Stevens Park GC
Photo: Trey Kemp
There were many driving factors for the renovation of Stevens Park, a public course owned by the City of Dallas, but the strongest was competition. A number of new courses had opened in the local area and, combined with the renovation of some existing courses serving the same market, Stevens Park was finding it difficult to retain its customer base.
The club employed Colligan Golf Design to oversee a comprehensive renovation of the course, and set about developing a wish list with the city, golf pro, superintendent and architect. This would include improving playability for all levels of golfers, overhauling practice facilities and rebuilding greens to USGA specifications. The renovation would also address erosion within the large meandering creek that ran through the site, see the installation of a new irrigation system which could use treated water, introduce concrete cart paths and improve both turf and planting throughout the site.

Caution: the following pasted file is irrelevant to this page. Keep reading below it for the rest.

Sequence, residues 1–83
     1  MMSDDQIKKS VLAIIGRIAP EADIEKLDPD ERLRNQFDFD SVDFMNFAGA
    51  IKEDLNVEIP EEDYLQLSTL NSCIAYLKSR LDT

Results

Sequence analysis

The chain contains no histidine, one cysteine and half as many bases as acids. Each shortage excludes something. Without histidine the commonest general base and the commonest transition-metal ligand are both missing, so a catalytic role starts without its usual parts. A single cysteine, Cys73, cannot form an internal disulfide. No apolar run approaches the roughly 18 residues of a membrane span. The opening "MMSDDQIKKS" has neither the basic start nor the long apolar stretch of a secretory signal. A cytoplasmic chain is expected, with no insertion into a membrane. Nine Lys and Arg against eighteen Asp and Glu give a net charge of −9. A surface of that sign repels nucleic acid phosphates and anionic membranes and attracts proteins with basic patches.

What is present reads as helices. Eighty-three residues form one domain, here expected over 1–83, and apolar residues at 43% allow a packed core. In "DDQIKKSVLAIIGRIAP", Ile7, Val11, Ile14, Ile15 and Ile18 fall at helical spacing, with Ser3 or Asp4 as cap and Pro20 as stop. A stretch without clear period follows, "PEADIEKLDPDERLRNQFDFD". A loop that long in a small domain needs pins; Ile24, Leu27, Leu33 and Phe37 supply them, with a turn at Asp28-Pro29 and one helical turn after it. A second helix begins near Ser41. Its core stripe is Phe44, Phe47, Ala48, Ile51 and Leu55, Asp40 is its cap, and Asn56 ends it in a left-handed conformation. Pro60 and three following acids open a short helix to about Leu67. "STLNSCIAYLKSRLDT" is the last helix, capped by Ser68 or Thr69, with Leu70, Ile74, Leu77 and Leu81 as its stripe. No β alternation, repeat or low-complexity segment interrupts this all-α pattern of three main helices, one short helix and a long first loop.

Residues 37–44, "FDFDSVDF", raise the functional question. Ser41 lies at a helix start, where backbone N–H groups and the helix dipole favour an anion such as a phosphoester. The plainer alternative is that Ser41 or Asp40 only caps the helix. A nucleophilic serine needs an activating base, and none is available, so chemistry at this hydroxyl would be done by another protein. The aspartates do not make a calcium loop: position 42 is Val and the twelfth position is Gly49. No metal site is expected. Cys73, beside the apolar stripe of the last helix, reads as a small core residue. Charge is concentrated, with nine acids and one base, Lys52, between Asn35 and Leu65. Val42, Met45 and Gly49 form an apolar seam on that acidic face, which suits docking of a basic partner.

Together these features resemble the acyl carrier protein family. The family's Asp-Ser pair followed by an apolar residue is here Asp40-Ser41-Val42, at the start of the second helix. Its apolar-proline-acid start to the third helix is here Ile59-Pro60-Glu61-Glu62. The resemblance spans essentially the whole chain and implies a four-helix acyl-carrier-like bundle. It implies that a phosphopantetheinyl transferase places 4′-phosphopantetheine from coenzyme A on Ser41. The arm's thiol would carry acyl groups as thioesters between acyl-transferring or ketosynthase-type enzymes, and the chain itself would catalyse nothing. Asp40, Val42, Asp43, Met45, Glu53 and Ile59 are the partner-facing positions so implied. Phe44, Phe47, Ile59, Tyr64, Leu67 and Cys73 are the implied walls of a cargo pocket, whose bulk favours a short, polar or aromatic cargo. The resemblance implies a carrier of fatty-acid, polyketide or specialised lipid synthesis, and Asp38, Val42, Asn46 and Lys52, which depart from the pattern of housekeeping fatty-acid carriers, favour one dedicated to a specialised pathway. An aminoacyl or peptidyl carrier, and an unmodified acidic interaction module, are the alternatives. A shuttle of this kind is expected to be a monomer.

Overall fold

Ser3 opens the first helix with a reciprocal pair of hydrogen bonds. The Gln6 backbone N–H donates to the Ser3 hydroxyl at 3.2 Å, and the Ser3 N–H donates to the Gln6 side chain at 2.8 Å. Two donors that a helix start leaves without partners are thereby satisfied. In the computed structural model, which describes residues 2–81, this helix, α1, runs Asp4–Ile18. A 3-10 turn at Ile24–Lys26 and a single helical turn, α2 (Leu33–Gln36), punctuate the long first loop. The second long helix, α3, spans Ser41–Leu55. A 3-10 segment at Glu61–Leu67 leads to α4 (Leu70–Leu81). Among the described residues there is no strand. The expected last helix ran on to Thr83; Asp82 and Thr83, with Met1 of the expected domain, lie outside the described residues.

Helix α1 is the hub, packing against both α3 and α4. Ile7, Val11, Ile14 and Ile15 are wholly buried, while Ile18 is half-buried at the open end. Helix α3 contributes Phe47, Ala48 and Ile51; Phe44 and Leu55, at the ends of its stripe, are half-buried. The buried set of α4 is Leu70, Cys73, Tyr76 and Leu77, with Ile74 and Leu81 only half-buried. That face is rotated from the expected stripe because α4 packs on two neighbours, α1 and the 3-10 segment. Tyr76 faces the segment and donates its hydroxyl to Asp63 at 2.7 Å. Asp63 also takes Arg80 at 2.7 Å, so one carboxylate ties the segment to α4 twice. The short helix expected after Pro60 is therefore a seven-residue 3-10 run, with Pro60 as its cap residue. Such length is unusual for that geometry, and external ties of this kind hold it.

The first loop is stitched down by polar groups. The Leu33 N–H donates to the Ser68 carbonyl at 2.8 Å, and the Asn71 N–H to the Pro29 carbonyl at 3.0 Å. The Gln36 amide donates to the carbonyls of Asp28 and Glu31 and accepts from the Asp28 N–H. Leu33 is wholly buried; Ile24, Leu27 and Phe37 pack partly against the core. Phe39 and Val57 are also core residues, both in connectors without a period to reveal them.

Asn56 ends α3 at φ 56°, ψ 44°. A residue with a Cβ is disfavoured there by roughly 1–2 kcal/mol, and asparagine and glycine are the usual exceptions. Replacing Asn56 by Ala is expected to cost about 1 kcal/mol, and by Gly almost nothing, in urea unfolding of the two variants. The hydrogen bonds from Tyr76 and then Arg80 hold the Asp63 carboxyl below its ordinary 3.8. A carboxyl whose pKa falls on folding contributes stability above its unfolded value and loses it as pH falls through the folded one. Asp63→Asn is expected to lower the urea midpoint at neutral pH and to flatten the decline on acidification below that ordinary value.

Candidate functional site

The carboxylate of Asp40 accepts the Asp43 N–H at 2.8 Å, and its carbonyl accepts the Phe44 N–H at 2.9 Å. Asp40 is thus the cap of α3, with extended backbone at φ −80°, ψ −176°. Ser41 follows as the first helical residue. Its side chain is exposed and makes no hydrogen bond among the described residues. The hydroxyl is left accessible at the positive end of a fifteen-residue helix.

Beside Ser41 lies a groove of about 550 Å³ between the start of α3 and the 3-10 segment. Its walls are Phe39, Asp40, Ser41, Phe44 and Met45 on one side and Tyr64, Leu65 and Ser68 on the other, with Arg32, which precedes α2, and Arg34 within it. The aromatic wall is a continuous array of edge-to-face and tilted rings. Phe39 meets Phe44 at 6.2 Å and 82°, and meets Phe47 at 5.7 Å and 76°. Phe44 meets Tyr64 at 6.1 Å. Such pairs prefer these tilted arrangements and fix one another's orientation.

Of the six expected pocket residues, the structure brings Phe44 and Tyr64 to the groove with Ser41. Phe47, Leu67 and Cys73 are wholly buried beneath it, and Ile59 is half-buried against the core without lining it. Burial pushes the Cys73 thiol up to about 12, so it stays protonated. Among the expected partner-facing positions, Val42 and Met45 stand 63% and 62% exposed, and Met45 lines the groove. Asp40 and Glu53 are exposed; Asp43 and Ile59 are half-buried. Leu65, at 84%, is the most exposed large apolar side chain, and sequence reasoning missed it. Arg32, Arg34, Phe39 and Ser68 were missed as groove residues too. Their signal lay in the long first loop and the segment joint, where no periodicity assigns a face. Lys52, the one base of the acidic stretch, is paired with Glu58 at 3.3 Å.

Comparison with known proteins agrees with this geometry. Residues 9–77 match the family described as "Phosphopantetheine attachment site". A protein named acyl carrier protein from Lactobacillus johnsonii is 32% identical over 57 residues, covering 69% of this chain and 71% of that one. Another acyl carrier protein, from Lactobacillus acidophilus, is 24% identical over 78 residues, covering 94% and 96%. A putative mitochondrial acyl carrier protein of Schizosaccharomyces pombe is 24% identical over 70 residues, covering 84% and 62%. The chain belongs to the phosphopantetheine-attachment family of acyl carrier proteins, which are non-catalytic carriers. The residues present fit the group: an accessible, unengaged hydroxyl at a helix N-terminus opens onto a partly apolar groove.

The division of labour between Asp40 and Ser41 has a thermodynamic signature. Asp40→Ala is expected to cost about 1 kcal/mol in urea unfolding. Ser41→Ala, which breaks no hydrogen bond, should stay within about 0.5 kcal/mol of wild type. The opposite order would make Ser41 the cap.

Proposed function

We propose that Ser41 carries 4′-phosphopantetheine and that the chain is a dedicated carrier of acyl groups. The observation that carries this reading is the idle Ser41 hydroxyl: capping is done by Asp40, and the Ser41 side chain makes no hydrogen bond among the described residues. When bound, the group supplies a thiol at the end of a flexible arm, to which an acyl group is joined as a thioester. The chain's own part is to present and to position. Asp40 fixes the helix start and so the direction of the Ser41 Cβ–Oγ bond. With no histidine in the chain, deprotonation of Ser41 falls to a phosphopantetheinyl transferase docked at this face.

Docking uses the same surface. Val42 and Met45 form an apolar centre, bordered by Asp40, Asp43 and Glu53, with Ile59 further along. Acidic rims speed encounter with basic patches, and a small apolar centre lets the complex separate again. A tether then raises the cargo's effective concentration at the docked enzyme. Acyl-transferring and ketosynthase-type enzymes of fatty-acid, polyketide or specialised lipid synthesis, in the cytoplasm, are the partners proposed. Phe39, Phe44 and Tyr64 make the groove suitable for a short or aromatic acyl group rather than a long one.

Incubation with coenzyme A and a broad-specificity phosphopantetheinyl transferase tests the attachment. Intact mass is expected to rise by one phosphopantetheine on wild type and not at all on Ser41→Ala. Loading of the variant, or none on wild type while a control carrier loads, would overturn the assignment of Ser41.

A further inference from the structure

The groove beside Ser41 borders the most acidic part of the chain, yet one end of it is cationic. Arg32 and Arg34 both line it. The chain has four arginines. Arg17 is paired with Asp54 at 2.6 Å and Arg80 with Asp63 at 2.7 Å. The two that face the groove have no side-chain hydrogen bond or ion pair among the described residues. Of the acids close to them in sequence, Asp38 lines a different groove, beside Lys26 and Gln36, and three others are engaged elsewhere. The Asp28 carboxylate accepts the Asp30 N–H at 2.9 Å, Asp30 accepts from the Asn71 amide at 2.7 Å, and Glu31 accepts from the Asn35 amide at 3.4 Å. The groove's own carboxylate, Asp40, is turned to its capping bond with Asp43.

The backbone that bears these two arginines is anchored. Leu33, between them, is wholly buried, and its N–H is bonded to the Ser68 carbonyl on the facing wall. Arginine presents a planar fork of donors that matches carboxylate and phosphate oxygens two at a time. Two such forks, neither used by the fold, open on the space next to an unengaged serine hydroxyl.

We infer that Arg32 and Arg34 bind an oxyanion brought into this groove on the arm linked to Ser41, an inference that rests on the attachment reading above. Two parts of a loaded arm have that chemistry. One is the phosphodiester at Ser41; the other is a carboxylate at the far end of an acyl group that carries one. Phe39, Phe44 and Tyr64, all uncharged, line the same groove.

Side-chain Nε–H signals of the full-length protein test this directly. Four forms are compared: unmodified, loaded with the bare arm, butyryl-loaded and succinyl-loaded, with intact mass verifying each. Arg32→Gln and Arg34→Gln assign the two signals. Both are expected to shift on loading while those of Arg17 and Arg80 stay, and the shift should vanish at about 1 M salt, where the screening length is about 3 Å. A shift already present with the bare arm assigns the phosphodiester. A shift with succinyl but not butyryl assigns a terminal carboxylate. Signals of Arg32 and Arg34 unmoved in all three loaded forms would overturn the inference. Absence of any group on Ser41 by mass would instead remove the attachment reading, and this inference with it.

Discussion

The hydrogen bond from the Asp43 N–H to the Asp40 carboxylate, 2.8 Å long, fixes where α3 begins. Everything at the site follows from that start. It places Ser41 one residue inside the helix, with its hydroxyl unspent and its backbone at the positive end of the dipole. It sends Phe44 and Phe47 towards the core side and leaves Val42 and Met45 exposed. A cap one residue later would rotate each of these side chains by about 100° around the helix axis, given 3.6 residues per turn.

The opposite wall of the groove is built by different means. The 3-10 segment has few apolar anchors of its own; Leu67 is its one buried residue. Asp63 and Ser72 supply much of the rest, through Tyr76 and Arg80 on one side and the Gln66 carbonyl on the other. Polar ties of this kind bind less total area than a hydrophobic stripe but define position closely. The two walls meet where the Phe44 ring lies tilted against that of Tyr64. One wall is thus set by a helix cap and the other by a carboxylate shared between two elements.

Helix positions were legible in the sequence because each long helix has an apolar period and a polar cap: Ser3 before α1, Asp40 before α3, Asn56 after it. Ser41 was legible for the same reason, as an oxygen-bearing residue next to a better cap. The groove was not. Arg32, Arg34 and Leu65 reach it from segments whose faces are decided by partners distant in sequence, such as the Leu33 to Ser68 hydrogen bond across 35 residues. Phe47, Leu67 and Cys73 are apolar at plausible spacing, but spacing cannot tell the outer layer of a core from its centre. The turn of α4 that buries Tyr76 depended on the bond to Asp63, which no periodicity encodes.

Colligan Golf Design set about creating a project plan that could achieve these requirements within the budget that had been set. John Colligan, ASGCA says: “We kept earthworks to a minimum, and were able to achieve all of the requirements of the project, incorporating new bermudagrasses throughout the course, adding two new bridges and renovating three others, completely overhauling the drainage and irrigation system and creating a landscape design that included the planting of 900 trees and 2,000 rose bushes, along with various other ornamental shrubs.”
The renovation was completed within budget and has received rave reviews from players and the media, being touted as “what public golf should be: affordable, maintainable, beautiful and playable”. But perhaps the most compelling evidence of success is in the numbers: Stevens Park has increased the number of rounds played from 30,000 to 60,000.
To read about all twelve golf design projects that were honoured within the ASGCA’s Design Excellence Recognition Program in 2013, download the Fall 2013 edition of By Design via www.asgca.org
This article was first published in Golf Course Architecture, January 2014